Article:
The Mark of the Horse Lord was my first foray into the writings of Rosemary Sutcliff, the renowned British novelist widely regarded as the finest writer of children’s historical fiction. However, her elevated prose and depth of historical detail make her a captivating writer for adults as well; even she claimed that her stories (eventually spanning 50 novels) were for readers “from 9 to 90.” However, I think if I had first read this book at 9, I would have missed the vast majority of its complexities and unexpectedly sublime beauty.
Rosemary Sutcliff suffered from Still’s disease and spent most of her life in a wheelchair, making her incredible depictions of landscape and adventure all the more remarkable as they have the quality of someone who frequently wandered the hills; no doubt she did so in her imagination. She also trained as an artist and focused on the strong hues of black, red, and gold, which she then wove into her artistry of storytelling, along with her attention to visual detail. The child of a Royal Navy officer, her tales often reflect a strong military influence as well as a fascination with the ancient history of Britain.
Sutcliff opens her novel by transporting readers across the millennia to the stark sights and smells of the caverns below the Roman arena in Corstopitum, made palpable by her vivid descriptions. “In the long cavern of the changing-room, the light of the fat-oil lamps cast jumping shadows on the walls; skeleton shadows of the spear-stacked arms-racks, giant shadows of the men who crowded the benches or moved about still busy with their weapons and gear; here and there the stallion shadow of a plume-crested helmet. The stink of the wild beasts’ dens close by seeped in to mingle with the sharper smell of men waiting for the trumpets and sweating a little as they waited.”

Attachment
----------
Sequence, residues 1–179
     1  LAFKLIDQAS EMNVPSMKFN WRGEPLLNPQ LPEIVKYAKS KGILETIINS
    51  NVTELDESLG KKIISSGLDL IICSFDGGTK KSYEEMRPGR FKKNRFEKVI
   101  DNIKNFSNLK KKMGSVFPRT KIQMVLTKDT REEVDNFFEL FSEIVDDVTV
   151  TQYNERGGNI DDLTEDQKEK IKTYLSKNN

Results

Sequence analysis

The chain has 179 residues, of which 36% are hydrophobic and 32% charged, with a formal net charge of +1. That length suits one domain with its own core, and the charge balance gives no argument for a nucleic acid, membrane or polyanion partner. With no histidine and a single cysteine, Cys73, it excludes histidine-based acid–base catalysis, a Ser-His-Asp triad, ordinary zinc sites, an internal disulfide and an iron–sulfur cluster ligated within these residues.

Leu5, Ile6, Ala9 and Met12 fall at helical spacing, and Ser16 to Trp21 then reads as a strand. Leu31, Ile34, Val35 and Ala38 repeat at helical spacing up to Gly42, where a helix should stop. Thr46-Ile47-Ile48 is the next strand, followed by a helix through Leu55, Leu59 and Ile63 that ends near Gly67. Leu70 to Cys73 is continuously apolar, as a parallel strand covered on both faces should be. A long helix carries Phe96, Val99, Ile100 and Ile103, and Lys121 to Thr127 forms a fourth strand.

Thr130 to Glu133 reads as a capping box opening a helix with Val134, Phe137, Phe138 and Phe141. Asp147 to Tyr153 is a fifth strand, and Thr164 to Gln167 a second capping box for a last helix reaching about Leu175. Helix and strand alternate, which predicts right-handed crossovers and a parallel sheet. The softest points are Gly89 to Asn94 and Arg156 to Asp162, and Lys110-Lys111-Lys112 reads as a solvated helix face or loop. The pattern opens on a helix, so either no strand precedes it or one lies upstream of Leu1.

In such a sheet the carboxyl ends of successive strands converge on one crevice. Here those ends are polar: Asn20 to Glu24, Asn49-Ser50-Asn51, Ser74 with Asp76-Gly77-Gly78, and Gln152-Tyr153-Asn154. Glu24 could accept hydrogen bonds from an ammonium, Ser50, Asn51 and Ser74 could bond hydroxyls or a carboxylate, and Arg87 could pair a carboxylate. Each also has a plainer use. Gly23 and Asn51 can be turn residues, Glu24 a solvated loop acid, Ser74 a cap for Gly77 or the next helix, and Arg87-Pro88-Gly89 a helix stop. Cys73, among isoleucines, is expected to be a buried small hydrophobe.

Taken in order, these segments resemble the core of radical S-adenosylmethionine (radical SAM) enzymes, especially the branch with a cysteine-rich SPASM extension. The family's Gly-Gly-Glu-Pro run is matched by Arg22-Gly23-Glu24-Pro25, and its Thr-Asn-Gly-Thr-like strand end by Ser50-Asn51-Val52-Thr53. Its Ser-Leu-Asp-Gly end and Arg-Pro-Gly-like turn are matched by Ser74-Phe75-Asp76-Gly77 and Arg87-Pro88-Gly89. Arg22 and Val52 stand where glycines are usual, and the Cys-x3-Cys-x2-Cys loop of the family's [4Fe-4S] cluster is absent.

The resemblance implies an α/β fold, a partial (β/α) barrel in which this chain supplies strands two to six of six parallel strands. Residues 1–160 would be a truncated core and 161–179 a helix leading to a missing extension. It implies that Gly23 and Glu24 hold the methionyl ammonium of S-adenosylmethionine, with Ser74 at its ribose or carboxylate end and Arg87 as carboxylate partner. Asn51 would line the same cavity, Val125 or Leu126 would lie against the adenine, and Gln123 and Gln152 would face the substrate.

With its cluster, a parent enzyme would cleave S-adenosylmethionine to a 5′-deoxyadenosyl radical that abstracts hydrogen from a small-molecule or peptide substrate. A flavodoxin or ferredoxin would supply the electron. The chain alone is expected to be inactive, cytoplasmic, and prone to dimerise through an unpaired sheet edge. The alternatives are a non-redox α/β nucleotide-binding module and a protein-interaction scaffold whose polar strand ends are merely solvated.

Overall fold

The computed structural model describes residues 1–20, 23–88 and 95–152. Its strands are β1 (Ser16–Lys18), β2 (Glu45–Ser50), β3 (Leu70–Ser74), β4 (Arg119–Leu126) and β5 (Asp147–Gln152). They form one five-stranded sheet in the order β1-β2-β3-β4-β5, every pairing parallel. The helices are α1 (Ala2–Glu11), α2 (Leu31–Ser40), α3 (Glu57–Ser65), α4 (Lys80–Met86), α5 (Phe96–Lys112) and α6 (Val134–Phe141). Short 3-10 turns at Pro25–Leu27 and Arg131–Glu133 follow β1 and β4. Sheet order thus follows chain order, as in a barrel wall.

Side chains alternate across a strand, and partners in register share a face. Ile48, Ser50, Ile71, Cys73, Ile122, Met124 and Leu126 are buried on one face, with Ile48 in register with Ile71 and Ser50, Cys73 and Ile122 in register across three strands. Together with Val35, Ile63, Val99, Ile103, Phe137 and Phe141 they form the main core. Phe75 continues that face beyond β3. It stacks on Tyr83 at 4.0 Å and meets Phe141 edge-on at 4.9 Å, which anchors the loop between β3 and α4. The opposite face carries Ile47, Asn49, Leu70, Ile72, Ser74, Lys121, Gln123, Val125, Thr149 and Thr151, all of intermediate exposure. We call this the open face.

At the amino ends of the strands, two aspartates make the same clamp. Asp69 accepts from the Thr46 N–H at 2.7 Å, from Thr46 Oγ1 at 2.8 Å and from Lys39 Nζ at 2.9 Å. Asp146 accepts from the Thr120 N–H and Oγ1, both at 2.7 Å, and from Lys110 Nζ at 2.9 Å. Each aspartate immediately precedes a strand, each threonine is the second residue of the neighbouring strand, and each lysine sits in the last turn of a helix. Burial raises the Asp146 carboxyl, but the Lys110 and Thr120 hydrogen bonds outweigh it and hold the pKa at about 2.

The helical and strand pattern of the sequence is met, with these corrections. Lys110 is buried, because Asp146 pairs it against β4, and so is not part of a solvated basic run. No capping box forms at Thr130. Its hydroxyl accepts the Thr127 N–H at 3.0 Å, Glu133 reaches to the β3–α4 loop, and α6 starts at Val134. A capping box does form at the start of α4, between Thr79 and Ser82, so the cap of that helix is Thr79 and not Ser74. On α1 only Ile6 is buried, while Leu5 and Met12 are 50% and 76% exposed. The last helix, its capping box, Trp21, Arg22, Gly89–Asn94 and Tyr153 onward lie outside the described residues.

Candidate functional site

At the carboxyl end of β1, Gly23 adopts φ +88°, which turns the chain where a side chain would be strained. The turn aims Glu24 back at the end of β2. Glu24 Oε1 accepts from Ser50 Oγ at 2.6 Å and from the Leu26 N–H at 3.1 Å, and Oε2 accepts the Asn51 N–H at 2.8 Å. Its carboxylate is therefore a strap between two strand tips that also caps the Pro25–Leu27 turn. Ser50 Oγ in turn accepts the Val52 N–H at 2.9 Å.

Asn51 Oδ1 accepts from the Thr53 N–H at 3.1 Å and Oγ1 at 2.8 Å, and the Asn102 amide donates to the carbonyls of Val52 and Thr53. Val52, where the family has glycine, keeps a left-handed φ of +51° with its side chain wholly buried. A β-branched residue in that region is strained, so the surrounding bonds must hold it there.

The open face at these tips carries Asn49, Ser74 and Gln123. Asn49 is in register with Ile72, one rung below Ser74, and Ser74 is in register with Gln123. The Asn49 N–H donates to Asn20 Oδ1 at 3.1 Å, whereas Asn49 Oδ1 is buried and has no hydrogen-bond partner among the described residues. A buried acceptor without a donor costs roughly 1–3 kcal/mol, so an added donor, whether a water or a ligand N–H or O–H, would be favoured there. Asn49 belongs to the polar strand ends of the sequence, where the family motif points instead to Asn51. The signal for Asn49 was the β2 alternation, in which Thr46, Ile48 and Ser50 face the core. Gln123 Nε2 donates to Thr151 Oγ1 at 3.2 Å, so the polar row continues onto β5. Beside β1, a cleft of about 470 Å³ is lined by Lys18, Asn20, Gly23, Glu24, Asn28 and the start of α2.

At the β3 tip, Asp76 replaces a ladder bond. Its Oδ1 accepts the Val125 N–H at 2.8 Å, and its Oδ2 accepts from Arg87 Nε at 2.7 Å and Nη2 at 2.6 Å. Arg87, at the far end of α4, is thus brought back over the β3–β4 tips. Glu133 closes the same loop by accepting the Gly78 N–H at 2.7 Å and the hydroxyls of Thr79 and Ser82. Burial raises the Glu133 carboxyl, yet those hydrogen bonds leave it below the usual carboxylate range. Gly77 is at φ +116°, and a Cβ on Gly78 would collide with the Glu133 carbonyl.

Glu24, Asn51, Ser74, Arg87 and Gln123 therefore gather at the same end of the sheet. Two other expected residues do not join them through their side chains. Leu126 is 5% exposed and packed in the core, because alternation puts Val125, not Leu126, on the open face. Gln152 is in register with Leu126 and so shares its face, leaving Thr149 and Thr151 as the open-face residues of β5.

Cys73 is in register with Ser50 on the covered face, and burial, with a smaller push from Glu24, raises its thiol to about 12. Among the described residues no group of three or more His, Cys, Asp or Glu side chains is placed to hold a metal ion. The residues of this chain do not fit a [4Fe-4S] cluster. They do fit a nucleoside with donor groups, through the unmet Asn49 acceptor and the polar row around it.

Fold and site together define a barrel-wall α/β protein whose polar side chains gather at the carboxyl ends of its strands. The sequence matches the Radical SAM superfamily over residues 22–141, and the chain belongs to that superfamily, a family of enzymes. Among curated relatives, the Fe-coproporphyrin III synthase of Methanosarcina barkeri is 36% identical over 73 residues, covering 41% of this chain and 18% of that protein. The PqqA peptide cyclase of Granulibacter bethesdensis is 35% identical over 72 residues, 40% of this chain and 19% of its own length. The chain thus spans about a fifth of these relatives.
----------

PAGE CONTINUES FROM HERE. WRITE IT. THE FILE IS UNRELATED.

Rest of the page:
Phaedrus, an embittered gladiator, is on the cusp of winning his freedom. Born a slave, he is an unlikely candidate to ever become a king. Yet, due to a surprising resemblance to the lost king of the Dalriad (historically referred to by their Roman term, Scots), he agrees to lead the people as their exiled king returned against the oppressive rule of the Caldones (or Picts).
Sutcliff brilliantly weaves together both brutal history and dazzling myth, creating an unexpected tale of reality with the faintest traces of “Earth Magic.” Main characters do not have the guarantee of survival typical of most YA novels, and radical plans have no promise of success against all odds. However, images early in the story neatly come full circle in tight bookends, giving it the arc of a masterfully woven tale — with a distinct beginning and end.
This arc of the story is only surpassed by the arc of the characters, especially Phaedrus, who paradoxically grows into himself only by assuming the life of another man. The smooth, seamless development from the slave gladiator to sacrificial king is a remarkable feature of her craftsmanship as a raconteuse. Readers only realize at the end the sleight of hand that now has them looking at a completely different being. And yet Phaedrus himself is not wholly insensible to a force directing the current of his life’s path. His self-awareness of the mythical elements in his story lends an interesting level of cultural consciousness. In Philip Reeve’s introduction to the Folio Society edition, he writes, “The way he sees the myth at work in his own life is one of the things that makes him a man of his own time, not of ours.”
This is one of those books that is difficult to discuss without spoiling the ending, because it is the brilliant stake that drives the story home and imbues power in the tale. It is also a book that I would like to go back and reread just to fully appreciate the graceful prose, free of the distracting suspense of the plot. In the words of C. S. Lewis, “It is even better the second time … We do not enjoy a story fully at the first reading. Not till the curiosity, the sheer narrative lust, has been given its sop and laid asleep, are we at leisure to savour the real beauties.”